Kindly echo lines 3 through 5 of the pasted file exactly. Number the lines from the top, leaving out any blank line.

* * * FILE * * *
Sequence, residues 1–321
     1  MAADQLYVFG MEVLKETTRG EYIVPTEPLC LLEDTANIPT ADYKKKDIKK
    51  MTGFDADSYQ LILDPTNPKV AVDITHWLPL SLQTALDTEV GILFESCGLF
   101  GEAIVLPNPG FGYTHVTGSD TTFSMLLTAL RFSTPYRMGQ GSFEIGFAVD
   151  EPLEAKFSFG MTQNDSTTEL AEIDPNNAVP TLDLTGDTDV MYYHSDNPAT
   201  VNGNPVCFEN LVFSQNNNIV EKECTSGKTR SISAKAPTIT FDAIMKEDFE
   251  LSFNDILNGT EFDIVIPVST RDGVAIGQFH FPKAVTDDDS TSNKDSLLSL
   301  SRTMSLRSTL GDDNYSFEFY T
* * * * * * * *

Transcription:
    51  MTGFDADSYQ LILDPTNPKV AVDITHWLPL SLQTALDTEV GILFESCGLF
   101  GEAIVLPNPG FGYTHVTGSD TTFSMLLTAL RFSTPYRMGQ GSFEIGFAVD
   151  EPLEAKFSFG MTQNDSTTEL AEIDPNNAVP TLDLTGDTDV MYYHSDNPAT